Summer is a wonderful season that is sure to have you yearning for spending time outdoors. However, it would be best to practice good sun and heat safety to keep you and your family safe.
Sun safety becomes vital to prevent heat exhaustion or heat stroke, particularly if you have young children or older relatives. High-risk groups also include people who are overweight, have a chronic health condition, or take a specific medication. If you or a family member notice any of the following symptoms, you should seek medical help right away:
- Dizziness or confusion
- A fast or strong pulse
- A body temperature of 38.4 Celsius or higher
- Overly dry, red, hot, or damp skin
- Worsening symptoms or symptoms that last longer than one hour after attempting to cool down
With this cautionary advice out of the way, let’s explore the ways you can ensure sun safety and still enjoy the outdoors during summer.
1. Stay Hydrated
Staying hydrated is incredibly important and the first step in heat safety. It would be best if you aimed to drink between six and eight glasses of water each day. You should increase your consumption up to one glass every hour if you are outside during the summer. If you know you are heading outdoors, try to drink a glass of water twenty minutes beforehand.
2. Stay Shaded
You can achieve heat safety by staying under shade between 10 am and 4 pm. If you have a summer BBQ or drinks with family and friends, position your outdoor garden furniture in a shady spot where you and your guests will benefit from the cooling breeze. If you have no garden shade, head indoors.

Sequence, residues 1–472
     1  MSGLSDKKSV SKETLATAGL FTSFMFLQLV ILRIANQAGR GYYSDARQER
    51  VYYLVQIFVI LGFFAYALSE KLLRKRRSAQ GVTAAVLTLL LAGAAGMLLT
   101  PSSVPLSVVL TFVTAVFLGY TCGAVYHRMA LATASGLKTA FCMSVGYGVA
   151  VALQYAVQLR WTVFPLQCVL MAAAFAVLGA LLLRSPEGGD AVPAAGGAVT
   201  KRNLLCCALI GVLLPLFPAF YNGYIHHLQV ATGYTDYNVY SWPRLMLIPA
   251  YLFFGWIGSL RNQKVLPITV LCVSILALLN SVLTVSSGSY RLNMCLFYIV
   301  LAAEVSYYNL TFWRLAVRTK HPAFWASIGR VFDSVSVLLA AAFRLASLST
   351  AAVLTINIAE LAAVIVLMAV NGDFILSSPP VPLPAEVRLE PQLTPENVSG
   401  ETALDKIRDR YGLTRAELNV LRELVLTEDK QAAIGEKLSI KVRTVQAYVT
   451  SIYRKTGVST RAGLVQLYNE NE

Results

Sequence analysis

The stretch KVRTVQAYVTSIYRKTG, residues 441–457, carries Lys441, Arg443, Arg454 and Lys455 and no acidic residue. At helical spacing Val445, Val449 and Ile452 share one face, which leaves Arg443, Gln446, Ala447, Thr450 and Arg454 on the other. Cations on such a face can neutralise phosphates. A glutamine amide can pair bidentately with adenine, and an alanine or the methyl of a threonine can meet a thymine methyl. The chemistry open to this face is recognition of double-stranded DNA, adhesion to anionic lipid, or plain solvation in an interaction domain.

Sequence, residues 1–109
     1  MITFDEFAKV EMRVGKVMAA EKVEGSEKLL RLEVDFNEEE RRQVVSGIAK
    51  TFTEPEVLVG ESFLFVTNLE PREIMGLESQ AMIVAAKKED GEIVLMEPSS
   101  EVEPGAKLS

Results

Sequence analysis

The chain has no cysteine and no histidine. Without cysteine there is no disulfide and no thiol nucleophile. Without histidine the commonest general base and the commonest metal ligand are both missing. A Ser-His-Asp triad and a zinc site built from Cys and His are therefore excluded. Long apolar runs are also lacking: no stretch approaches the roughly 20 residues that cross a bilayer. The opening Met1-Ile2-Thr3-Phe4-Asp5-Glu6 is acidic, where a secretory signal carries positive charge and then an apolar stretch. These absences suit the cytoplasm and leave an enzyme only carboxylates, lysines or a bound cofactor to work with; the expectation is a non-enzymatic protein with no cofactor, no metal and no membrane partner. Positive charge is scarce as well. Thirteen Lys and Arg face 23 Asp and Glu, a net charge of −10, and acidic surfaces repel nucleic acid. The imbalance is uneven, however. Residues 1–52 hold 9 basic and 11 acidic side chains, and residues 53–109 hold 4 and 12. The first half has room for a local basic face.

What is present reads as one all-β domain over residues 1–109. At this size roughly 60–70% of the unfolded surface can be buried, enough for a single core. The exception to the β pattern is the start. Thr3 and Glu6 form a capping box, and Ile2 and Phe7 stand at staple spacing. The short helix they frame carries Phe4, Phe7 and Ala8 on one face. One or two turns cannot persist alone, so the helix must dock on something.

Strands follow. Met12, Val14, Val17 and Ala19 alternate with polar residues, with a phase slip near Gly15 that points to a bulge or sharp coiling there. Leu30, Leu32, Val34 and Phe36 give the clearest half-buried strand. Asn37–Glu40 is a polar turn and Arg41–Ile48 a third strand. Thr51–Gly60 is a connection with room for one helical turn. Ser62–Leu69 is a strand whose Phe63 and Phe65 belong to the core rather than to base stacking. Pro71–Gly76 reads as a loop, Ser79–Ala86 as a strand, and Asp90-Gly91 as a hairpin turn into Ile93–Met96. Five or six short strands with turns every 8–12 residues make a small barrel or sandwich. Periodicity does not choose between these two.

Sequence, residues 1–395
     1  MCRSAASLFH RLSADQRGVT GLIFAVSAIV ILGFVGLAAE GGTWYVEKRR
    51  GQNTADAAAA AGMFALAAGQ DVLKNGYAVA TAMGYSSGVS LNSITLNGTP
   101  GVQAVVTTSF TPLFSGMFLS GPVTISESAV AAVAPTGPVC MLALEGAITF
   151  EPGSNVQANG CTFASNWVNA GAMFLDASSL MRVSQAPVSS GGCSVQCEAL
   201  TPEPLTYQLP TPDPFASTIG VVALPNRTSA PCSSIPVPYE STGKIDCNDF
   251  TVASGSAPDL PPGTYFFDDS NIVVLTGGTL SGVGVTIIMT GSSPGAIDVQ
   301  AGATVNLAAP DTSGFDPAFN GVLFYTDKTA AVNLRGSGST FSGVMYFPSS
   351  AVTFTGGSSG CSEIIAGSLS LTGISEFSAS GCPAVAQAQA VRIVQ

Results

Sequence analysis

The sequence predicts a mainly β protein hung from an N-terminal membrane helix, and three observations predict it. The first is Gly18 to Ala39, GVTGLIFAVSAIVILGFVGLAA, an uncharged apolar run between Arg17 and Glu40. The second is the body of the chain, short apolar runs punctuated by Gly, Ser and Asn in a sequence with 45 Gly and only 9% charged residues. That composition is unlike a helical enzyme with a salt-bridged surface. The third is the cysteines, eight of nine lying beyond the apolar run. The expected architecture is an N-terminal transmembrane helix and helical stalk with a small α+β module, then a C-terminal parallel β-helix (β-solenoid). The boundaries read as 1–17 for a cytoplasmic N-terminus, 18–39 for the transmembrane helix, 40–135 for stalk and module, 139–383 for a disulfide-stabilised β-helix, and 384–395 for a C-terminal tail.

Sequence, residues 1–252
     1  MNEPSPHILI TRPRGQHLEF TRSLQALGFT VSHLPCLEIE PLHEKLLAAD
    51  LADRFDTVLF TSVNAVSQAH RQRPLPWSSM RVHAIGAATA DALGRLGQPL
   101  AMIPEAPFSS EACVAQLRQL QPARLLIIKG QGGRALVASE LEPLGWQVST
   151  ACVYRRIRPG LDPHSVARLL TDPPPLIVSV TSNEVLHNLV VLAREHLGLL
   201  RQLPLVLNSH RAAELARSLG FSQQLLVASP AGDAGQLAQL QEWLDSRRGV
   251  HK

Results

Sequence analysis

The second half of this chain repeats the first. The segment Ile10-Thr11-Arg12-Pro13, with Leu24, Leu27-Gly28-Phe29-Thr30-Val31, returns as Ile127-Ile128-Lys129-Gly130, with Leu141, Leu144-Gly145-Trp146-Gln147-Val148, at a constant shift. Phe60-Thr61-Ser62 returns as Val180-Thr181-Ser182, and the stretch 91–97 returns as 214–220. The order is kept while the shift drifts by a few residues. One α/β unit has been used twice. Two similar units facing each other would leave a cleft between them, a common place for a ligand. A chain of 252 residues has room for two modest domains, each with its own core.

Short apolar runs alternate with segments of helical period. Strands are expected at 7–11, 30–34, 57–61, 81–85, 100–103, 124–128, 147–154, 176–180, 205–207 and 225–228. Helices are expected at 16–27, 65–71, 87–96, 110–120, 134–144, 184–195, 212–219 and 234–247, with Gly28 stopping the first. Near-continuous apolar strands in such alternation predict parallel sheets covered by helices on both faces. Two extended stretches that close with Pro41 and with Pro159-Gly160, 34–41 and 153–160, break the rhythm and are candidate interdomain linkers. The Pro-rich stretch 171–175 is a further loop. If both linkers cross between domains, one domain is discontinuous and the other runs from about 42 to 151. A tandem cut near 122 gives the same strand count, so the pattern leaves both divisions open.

3. Avoid The Hottest Point Of The Day
A practical method for achieving heat and sun safety is to plan to get outside early in the day or later in the evening. The hottest part of the day occurs between 2 pm and 4 pm, but staying out of the sun and avoiding strenuous activities or exercise between 10 am and 4 pm is a good practice to adopt.
4. Dress For The Weather
To help you stay cool and protect your skin, you can wear loose, light-colored clothing. The lighter the colour, the more heat is reflected. If you are out in the sun, you can also choose moisture-wicking or UV-protective clothing. Don’t forget to wear a hat, sunglasses, and sunscreen.
5. Avoid Garden Furniture That Gives Off Heat
Certain materials absorb large amounts of heat that can burn your skin or radiate the heat into your body, causing heat exhaustion or heat stroke. Metal conducts heat, so it is best to avoid metal garden furniture on scorching days. The safest option is furniture made from a natural material, such as timber. A good set of wooden garden benches, chairs, and tables will help keep you and your family safe.